I don’t know much about transgender issues, but I’m trying to learn — in part because I want to understand the way God has made us. For me, this is a theological quest as much as a biological inquiry or a political cause. How about you?”

I felt this was a sincere attempt to understand transgender people. I think it will speak to many folks who have been preyed upon by fear in this discussion opened up by the recent North Carolina law which generally discriminates against the LGBT community and specifically targets transgender requiring them to use the bathroom per their birth gender.
My wife and I attended a celebratory dinner for a friend’s daughter this past weekend. We sat at a table with a delightful, unmarried heterosexual couple. She oozed with Southern charm and wit and is a very attractive woman in her fifties. We traded stories about Charlotte (the city) and had a delightful time. My wife had met her before and shared with me later that this lovely woman used to be man and had an operation many years ago to align her physical gender with her internal make-up.
As the new law in North Carolina stands, this beautiful woman would be required to go in a men’s restroom. Even if she had not had such an operation, the identification as the opposite sex from a birth identification, should not preclude this woman from going into a woman’s restroom.
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10 thoughts on “Learnings from a Baptist Minister (about transgender people)

  1. Thank you for sharing this very thoughtful article. I recently watched a TEDx talk by a young transgender female that was so interesting and enlightening. I wish more people would search out reliable, reasoned information about things they don’t understand so they can actually educate themselves rather than live in fear.

    • Janis, thanks for sharing. You are correct, there is so much misinformation and fear. I got an earful of this fear from someone I had not seen in years as we caught up. I did not want our renewed visit to end on a sour note, so I made comments like it is a shame our state is being talked about in such a negative way. Keith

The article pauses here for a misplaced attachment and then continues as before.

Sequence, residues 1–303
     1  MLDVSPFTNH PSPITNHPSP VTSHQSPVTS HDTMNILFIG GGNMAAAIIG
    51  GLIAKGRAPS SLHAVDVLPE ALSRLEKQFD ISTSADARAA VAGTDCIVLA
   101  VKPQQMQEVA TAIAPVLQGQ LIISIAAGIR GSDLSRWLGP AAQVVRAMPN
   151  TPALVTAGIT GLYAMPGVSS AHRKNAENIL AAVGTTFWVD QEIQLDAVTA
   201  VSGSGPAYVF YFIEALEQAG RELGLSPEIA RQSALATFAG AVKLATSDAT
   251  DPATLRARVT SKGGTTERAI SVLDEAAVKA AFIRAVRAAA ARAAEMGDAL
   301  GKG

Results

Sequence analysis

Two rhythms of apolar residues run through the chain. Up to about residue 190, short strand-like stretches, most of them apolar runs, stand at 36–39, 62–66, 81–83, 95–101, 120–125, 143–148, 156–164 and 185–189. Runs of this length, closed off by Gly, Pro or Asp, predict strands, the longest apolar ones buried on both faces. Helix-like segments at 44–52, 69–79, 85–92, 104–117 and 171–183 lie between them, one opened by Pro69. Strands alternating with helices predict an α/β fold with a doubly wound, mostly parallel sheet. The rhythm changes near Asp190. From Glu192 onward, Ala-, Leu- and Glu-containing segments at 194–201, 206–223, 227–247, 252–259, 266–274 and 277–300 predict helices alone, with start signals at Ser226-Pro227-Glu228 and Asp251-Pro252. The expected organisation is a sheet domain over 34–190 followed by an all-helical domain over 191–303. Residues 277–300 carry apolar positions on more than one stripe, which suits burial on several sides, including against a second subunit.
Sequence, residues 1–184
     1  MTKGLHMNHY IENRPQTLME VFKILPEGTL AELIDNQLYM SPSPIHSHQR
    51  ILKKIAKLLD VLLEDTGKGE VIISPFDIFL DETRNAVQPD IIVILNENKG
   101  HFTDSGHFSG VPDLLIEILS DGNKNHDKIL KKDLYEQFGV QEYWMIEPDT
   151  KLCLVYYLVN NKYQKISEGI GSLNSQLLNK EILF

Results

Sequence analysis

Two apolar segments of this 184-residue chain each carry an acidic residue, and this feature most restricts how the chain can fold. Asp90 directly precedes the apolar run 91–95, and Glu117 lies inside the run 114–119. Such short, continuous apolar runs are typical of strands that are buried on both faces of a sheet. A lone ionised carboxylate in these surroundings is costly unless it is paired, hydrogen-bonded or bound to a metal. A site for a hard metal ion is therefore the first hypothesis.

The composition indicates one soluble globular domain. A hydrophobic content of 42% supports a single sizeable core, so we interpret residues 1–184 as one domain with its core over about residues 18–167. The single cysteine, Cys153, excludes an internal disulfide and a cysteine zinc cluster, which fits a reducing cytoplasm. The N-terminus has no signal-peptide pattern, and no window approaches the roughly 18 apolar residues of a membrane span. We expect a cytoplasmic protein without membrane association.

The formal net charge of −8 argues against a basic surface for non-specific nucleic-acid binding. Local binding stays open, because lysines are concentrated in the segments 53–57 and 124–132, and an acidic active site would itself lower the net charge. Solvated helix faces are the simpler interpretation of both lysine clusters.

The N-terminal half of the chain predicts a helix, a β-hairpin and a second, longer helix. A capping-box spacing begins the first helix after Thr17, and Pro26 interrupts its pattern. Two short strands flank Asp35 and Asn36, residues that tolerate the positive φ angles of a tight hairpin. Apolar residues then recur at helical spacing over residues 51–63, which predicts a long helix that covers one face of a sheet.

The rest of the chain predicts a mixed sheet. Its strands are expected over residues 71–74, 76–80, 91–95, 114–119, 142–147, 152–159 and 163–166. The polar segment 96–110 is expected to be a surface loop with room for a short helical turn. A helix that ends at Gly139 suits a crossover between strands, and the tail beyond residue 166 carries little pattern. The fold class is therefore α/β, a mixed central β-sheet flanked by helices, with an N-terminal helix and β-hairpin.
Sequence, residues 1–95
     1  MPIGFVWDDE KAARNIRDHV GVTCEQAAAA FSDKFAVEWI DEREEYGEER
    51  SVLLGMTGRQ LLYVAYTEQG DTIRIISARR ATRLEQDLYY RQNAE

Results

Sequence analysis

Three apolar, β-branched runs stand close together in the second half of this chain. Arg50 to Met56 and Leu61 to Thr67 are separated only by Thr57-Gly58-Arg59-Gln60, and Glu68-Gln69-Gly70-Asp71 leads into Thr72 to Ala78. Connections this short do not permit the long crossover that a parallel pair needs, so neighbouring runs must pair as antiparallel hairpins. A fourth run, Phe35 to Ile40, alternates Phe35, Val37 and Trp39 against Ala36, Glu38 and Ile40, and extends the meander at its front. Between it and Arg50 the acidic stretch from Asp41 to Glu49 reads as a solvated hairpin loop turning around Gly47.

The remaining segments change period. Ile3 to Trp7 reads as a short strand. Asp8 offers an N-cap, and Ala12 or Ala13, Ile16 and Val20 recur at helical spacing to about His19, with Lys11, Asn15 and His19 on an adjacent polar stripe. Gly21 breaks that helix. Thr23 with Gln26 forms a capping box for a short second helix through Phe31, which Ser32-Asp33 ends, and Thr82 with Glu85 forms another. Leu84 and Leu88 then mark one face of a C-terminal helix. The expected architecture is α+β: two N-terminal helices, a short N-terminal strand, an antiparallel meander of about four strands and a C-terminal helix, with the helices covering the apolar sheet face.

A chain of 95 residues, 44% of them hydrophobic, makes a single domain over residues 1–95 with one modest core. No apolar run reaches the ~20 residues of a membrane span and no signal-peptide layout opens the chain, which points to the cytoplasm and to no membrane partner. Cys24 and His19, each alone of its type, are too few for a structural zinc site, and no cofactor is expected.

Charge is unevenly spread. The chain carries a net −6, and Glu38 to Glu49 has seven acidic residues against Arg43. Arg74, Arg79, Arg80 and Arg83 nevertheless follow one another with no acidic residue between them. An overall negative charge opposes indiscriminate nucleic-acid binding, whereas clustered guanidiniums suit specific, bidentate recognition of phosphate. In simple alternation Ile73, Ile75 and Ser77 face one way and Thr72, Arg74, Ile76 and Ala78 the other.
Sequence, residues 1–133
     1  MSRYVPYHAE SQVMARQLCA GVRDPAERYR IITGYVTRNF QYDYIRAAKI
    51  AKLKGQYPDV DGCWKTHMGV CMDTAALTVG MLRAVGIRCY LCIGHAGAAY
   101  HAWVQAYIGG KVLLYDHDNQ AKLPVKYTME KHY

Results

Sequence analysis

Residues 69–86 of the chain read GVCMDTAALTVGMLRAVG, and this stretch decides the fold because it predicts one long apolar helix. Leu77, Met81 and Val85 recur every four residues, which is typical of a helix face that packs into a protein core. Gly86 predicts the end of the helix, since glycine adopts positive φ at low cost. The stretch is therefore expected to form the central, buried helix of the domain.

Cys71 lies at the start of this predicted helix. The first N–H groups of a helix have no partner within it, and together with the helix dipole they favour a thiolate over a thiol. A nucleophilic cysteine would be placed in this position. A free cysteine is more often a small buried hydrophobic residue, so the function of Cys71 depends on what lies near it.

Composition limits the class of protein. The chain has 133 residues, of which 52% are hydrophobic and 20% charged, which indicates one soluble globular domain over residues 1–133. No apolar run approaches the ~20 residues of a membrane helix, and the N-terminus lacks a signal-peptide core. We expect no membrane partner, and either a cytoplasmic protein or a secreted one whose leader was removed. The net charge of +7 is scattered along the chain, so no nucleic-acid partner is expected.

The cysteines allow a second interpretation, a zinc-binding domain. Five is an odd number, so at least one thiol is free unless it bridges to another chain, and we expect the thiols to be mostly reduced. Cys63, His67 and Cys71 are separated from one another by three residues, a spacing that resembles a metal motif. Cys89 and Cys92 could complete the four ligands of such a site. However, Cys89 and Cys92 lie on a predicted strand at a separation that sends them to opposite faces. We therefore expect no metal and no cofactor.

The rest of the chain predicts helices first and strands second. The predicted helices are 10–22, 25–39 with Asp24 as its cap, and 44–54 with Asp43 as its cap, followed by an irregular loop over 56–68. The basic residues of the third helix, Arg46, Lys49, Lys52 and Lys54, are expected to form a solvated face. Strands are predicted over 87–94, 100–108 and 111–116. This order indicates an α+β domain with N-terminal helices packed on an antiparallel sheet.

2. Coincidentally, I got a call from my transgender nephew (born female) while I was reading your post. His life has been hard at times, especially in high school, but now he and his girlfriend are buying a house and doing well. Our entire family has always been accepting and loving, but many others are not…I’m sad for a transgender child born into a rigid and righteous family. All of God’s children deserve love and acceptance. Aunt Fran

    • Thanks for your comment and support of your nephew, Aunt Fran. Your family does what one would hope and support your loved one. You are right to feel sad about those who don’t. One of the saddest conversations I overheard was a few years ago when my state of NC voted to reiterate that marriage was between a man and a woman. The books already said that, so the vote was unnecessary. It was later overturned as unconstitutional before the Supreme Court decision.

      The sad part was the next day, I was sitting in a hotel lobby and two lesbian activists were chatting in the seats nearby, discussing how sad they were with this law being voted in favor. One asked what the other’s mother said and she said we do not talk anymore that I have come out. This is that mother’s child and she disowned her daughter. I wanted to hug her.

  3. Pingback: Respect Award – Hummingbird Redemption

    • Truly. I was reading a book about rapes on college campuses written by two female victims, I think called “We Believe You.” They note that transgender people have a higher percentage of being raped than others on campus. These folks are ostracized almost every step of the way, so why would someone choose this path as some people believe?

  4. When I was a little girl I wanted to be a boy. I thought they had more fun, could do more. I tried to walk like boys. I made my voice deep like boys. But then puberty set in and I was happy being a girl. From what I understand from biology our sex doesn’t develop in the womb until the 3rd trimester. I maybe wrong but my point is we all were of no sex at one time. Maybe it takes longer then the womb to determine.

    From what I read it doesn’t matter to pedophiles if they rape and pre-pubert child because it’s not the genital that attracts them it’s the youthfulness, hairless.

    As I mentioned I wanted to be a boy but changed my mind. So this doctor I believe has a point. It may be possible that it takes longer to come to terms what sex we identify with.

    • Kim, you are right, we should not fear transgender people as they are just trying to figure out who they are. The predators tend to look like the every day person and have not and will not let bathroom laws get in the way of their menacing actions. Keith